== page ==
The World Wide Web’s 30th birthday came and went this week, and though there was much to celebrate—just look how far we’ve gone since the days of America Online CDs and Yahoo! chat rooms— it also seems like the problems the Internet causes are beginning to outweigh the problems it solves.

Tim Berners-Lee, who is considered the founder of the World Wide Web (not the internet) wrote an open letter concerning the internet’s 30th anniversary:

“The web has become a public square, a library, a doctor’s office, a shop, a school, a design studio, an office, a cinema, a bank, and so much more. Of course with every new feature, every new website, the divide between those who are online and those who are not increases, making it all the more imperative to make the Web available for everyone.

And while the Web has created opportunity, given marginalised groups a voice, and made our daily lives easier, it has also created opportunity for scammers, given a voice to those who spread hatred, and made all kinds of crime easier to commit.”

Essentially, Berners-Lee is saying that what makes the web so remarkable is also its shortcomings.

The Rising Threat of the Digital Dark Age

One of the many shortcomings of the Web and the technology that has sprouted from it, that Berners-Lee didn’t mention but I’d like to address, is the growing threat of a digital dark age.

Ever since the general public gained access to the World Wide Web, we have put our data out in the open. There have been tremendous benefits to the ability to share data so easily, but by doing so we have let the Internet control every aspect of our lives. That’s not inherently a bad thing, but as recent trends have suggested, there is also tremendous risk in doing so.

As technology becomes more advanced, much of our history is being lost or rewritten due to content residing on legacy systems and old media, such as CDs, magnetic tape or even books. Consider what happened to the first proto-social media sites such as MySpace and Friendster. I’m willing to bet most of you don’t have access to your old profiles, and that’s if you were even old enough to remember or use those websites.

I’m sure my first Angelfire website from 1999 about video game cheat codes is out there somewhere, lying dormant on some decrepit server, but I’ll never find it. And even if I were to find my old website, would I even be able to find the login credentials? I honestly don’t even remember the email address I used 20 years ago.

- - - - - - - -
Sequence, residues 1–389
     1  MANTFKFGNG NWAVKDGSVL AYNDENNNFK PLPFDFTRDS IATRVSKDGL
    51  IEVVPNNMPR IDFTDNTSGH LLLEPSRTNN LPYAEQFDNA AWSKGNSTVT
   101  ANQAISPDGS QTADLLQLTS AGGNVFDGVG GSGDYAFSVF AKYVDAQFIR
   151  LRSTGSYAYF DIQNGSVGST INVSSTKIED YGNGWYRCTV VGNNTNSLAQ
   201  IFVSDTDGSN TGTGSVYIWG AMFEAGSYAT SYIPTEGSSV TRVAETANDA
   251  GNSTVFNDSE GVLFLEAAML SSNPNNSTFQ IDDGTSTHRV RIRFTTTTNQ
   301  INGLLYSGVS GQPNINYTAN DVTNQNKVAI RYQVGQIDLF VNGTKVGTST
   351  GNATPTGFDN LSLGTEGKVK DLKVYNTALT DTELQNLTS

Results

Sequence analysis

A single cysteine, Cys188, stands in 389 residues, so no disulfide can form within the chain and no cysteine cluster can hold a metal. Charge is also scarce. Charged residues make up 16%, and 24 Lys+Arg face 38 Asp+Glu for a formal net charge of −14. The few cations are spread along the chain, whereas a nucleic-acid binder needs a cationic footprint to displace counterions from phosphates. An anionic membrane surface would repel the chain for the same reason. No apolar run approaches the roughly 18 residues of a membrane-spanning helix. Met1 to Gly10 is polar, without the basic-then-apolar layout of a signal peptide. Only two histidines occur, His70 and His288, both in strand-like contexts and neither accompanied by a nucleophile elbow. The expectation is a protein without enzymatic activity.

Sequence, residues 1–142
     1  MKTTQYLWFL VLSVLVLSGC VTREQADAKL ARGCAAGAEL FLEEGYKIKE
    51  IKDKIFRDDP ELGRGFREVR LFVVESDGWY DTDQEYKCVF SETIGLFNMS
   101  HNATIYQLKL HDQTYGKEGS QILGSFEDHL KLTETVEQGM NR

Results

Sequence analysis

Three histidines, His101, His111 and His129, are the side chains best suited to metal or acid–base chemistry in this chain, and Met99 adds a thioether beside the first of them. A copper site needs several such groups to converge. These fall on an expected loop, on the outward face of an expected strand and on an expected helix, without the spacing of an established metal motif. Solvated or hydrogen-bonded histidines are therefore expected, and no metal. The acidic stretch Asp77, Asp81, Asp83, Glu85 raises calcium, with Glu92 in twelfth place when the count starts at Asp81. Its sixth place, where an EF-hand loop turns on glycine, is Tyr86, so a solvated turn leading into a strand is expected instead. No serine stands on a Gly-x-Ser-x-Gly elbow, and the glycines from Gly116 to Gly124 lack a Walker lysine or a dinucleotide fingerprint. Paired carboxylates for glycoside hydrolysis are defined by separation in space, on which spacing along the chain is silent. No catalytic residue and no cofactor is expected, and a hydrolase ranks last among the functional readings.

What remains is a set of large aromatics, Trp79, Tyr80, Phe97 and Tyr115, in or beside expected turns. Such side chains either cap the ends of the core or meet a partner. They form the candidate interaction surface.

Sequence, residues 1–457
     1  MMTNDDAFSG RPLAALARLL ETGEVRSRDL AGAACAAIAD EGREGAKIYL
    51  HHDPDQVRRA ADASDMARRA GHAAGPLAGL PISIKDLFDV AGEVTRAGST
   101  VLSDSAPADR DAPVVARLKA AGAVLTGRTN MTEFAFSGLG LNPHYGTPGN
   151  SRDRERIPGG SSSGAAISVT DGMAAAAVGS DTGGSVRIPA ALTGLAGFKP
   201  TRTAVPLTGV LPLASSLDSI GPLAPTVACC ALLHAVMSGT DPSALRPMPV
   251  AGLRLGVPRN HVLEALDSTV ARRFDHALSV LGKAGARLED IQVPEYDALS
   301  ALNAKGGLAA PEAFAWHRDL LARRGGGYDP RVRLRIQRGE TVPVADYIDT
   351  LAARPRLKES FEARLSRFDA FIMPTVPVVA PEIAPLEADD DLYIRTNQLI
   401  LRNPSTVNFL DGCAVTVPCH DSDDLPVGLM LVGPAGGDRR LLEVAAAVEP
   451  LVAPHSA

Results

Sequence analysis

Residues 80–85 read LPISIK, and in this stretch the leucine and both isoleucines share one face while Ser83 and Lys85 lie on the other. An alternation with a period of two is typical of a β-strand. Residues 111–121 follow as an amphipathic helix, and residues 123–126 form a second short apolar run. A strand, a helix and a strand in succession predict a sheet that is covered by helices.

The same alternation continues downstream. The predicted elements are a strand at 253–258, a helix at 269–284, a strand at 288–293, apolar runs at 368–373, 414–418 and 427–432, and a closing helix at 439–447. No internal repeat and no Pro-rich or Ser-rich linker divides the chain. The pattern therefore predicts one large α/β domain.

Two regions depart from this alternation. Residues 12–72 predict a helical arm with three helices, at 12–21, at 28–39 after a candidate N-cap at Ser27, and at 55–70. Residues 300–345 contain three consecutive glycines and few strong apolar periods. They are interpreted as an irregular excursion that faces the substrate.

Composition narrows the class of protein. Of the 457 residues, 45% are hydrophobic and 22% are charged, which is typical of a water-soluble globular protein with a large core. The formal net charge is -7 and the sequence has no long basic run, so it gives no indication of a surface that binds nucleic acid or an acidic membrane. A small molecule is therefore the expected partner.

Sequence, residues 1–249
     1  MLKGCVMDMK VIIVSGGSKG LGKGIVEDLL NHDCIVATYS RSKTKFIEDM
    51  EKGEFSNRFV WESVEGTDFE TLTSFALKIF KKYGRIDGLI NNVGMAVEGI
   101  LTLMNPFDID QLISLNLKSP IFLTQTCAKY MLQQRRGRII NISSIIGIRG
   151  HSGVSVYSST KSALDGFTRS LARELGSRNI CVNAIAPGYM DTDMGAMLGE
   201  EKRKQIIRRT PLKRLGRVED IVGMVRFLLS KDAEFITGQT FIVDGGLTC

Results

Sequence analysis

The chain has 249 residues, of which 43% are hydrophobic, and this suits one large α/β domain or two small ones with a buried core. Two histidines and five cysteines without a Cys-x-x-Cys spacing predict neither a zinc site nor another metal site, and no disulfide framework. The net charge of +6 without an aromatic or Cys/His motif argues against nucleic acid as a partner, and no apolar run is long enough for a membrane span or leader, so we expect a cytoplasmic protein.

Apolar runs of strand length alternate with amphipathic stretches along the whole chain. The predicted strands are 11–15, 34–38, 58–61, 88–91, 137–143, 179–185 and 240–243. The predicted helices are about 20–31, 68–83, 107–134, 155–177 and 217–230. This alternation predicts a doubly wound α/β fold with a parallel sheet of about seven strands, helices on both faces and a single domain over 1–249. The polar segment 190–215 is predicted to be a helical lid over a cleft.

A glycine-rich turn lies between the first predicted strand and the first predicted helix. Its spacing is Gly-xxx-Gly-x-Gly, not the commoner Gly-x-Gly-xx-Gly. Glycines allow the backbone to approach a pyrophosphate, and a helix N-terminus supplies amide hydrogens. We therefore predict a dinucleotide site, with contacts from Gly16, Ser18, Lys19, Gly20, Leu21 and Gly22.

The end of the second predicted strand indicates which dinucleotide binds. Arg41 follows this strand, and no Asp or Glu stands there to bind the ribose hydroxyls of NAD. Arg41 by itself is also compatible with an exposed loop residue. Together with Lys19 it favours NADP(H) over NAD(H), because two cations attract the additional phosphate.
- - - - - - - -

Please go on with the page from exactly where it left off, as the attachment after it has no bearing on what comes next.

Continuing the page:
The point is there is no promise that the content and data we create and cherish today will be accessible in the future. In a thousand years, will future humans be able to look back on the early 21st century and know what transpired?

Of course, nowadays the cloud has been a critical part of allowing us not to lose our digital history. However, if we haven’t done a good job of maintaining our data over the years, who’s to say that we are going to fair better in the future?

Some of us would think that losing our digital past is a good thing, while others would disagree. I tend to think it is a combination of both. An example of old data that you want to be erased could be an old photo that you find embarrassing or is a poor depiction of yourself today. As for data you want to keep, maybe you want to access the save file of an old video game that you bought for $50 ten years ago. These are just a couple of examples, but it’s apparent that it doesn’t help if you are being complacent with where your old data is.

We won’t have a choice unless we continue to back up our digital selves and remove what isn’t necessary. The server farms that our data resides on today may be vacant warehouses in the future, so it is up to us to maintain that data and make sure it is still accessible as new technologies come into play. It’s also equally important to delete that data if we don’t want to keep it.

Businesses have been doing this for decades in the form of magnetic tape, but even that type of storage has a shelf life. The longer data sits on a shelf, the better chance that data will be corrupted or erased, with no means of accessing it again.

Malware and Cyber Attacks Cause Data Loss

Then there’s the issue of malware and cyber attacks become an everyday occurrence. Our old data is ultimately at risk of being deleted, corrupted, or encrypted in irreversible ways. Many security analysts have been decrying the day when a massive cyber attack takes out large swaths of our infrastructure. If the power goes out, the servers are data resides on will go down and possibly the backups too.

Some of you may think that data loss isn’t the same as being swept up in a real-life catastrophe, but you would be wrong to think so. When the NHS went down a couple of years ago during the Wannacry cyber attack, patients were physically rerouted to other facilities due to healthcare systems being down. What if you or a loved one was in an accident or waiting for a life-saving procedure, and then the lights go out?

Doomsday scenarios aside, it’s up to every one of us to protect and backup all of our data, because we can’t entrust companies to the likes of Google, Amazon, and Apple to do it for us. We need to do a better job of our own record keeping because there will be a time that our lives or digital lives depend on it. It’s not a matter of “if” rather “when”.

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Greg Mooney

About Greg Mooney

Greg is a technologist and data geek with over 10 years in tech. He has worked in a variety of industries as an IT manager and software tester. Greg is an avid writer on everything IT related, from cyber security to troubleshooting.


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